Olympic Newsdesk -- IOC Confident in Rio; Obama Addresses Critics
The IOC expressed confidence that Rio will be safe for the 2016 Olympics. (Getty Images) IOC Confident in Rio
Seven years is enough time for Rio de Janeiro to clean up its crime problem the IOC says.
IOC spokesman Mark Adams told The Associated Press "we have confidence in their capacity to deliver a safe Games in seven years.
"Security is of course a very important aspect of any Olympic Games no matter where it is in the world. This is of course entirely under the national, regional and city authorities."
Last weekend, rival gangs were involved in a shootout that left 21 dead and took down a police helicopter.
The battle took place just a short distance away from some proposed Olympic venues.
Brazilian President Luiz Inacio Lula da Silva said Monday that the federal government would not be stopped in its effort to rid Rio of gangs.
"We'll do anything it takes and make all necessary sacrifices so we can clean up the mess that these people are imposing on Brazil," he said. Obama Takes Aim at Olympic Naysayers
President Obama said his Olympic critics were hoping “for failure.” (Getty Images)
President Obama said people criticizing his efforts to bring the Olympics to Chicago were rooting “for failure.”
Speaking at a fundraiser for the Democratic Party in New York City on Tuesday, Obama said “What I reject is when some people sit on the sidelines and…root for failure on getting the Olympics.
“I mean, who’s against the Olympics? What’s up with that? You know it’s a sad thing, isn’t it? I mean, I don’t care if you’re a Democrat or a Republican, you know, it’s the Olympics, come on!”
Obama came under intense scrutiny from the opposition Republicans when Chicago lost in the first round of voting to host the 2016 Olympics. Rogge to Visit Vietnam
IOC President Jacques Rogge will visit Vietnam at the end of October.
Rogge is going to the opening of the Asian Indoor Games in Hanoi on Oct. 30. It will be his first visit to Vietnam since he became an IOC member in 1990.
Nigerian Olympic Official Says African Olympics Close
An official with the Nigerian Olympic Committee says the “time is coming” for an Olympics to be staged in Africa.
Speaking at the Global Sports Industry Congress in London in Tuesday, Emmanuel Nweri was quoted saying “we are thinking about an Olympic bid in the future but we are taking it gradually. We have hosted one FIFA World Cup in Africa recently and two will follow soon.
Newri said Nigeria would have to host the Commonwealth Games before attempting to bid for the Olympics. Abuja, Nigeria, bid for the 2014 Games but lost to Glasgow, Scotland.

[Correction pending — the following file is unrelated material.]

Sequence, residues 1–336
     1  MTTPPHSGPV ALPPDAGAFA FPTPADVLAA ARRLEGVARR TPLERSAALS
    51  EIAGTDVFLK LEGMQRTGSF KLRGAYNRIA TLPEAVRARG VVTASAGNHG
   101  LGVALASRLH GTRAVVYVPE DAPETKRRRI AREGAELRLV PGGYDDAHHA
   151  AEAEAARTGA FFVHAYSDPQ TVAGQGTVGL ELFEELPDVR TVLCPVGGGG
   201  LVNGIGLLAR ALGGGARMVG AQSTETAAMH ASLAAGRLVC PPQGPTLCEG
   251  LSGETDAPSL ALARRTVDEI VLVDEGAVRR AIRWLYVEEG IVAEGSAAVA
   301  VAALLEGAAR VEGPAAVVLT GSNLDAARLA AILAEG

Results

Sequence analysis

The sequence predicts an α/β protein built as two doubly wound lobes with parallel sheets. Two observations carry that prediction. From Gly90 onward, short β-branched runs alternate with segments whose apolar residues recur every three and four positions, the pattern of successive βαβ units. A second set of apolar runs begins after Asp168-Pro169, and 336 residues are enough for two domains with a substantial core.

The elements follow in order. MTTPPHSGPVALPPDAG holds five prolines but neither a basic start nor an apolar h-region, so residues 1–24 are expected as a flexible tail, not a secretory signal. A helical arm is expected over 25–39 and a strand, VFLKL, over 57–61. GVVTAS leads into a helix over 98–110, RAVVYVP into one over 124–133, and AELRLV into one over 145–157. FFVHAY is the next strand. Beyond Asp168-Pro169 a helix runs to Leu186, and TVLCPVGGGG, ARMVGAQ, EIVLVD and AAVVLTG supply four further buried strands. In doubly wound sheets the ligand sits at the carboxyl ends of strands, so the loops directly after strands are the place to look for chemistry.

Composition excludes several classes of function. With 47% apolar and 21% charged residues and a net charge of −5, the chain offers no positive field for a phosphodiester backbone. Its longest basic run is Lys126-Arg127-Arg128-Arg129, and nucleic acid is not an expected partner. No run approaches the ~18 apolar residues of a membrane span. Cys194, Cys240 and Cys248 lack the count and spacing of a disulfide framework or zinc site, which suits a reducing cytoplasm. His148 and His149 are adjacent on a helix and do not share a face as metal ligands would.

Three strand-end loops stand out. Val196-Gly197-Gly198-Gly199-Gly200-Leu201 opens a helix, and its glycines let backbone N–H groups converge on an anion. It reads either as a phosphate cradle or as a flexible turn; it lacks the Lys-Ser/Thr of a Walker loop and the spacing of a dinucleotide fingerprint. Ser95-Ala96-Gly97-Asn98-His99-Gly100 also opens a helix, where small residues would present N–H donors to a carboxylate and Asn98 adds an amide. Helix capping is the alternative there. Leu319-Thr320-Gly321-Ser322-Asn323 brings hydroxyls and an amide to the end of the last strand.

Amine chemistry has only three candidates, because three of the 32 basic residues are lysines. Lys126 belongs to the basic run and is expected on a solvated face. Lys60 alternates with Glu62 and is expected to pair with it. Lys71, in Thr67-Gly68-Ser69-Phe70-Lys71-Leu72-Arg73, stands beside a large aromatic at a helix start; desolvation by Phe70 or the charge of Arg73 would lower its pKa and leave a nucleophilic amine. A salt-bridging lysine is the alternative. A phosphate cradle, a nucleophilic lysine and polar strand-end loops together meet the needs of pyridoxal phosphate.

"South Africa had [an Olympic] bid and lost out in 2004 but I think that South Africa, Egypt and Nigeria would be ready to host the Olympics now" he said.
Abuja would “definitely” be the host city he Newri predicted.
A potential concern for a Nigerian Olympics would be the extreme heat. The Olympics are traditionally staged in July and August to avoid conflicting with European and American Football seasons.
Newri addressed that issue head on saying “weather is not a problem” in Abuja.
"But it would be hard for some African countries because In July and August in rains and it rains and it rains. The IOC needs to be flexible on this."
…Wrestler Charles Tribble of the United States died Saturday. Tribble, who was 67, competed at the 1964 Olympics in freestyle wrestling. He did not medal. Tribble was born in Indio, Ariz.
…The Commonwealth Games Federation agreed to allow Fiji to attend the CGF General Assembly in New Delhi. Fiji was suspended from the Commonwealth earlier in the year due to political unrest. Whether the South Pacific country can compete at the Commonwealth Games in New Delhi in 2010, will be decided at the Commonwealth Heads of Government Meeting in Port of Spain, Trinidad and Tobago Nov. 27 – 29. The head of the Fiji Association of Sports and National Olympic Committee expressed his doubts on the authority of the Commonwealth to keep athletes from competing in the Commonwealth Games.
magazine asks if Rio can solve its crime problems before the Olympics.
Jon Lee Anderson follows up on a report he did for The New Yorker
last month about Rio’s favelas, in light of the recent outbreak of violence.
Andrew Jennings has his take on the awarding of the Olympics to Rio, and his thoughts on potential influence pushing at the IOC Session.
Written by Ed Hula III.
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